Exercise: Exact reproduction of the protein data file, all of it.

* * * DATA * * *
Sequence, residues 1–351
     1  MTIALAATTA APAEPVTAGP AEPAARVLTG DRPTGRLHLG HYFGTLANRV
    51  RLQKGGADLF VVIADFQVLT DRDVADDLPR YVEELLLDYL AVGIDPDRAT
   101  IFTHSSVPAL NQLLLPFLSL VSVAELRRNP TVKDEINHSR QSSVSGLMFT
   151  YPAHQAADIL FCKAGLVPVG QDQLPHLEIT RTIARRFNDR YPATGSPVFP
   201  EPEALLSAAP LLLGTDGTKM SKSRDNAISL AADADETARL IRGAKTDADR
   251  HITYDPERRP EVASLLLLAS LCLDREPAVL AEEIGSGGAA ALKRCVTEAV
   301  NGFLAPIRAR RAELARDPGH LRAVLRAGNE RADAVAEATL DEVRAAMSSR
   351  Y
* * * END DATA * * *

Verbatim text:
Sequence, residues 1–351
     1  MTIALAATTA APAEPVTAGP AEPAARVLTG DRPTGRLHLG HYFGTLANRV
    51  RLQKGGADLF VVIADFQVLT DRDVADDLPR YVEELLLDYL AVGIDPDRAT
   101  IFTHSSVPAL NQLLLPFLSL VSVAELRRNP TVKDEINHSR QSSVSGLMFT
   151  YPAHQAADIL FCKAGLVPVG QDQLPHLEIT RTIARRFNDR YPATGSPVFP
   201  EPEALLSAAP LLLGTDGTKM SKSRDNAISL AADADETARL IRGAKTDADR
   251  HITYDPERRP EVASLLLLAS LCLDREPAVL AEEIGSGGAA ALKRCVTEAV
   301  NGFLAPIRAR RAELARDPGH LRAVLRAGNE RADAVAEATL DEVRAAMSSR
   351  Y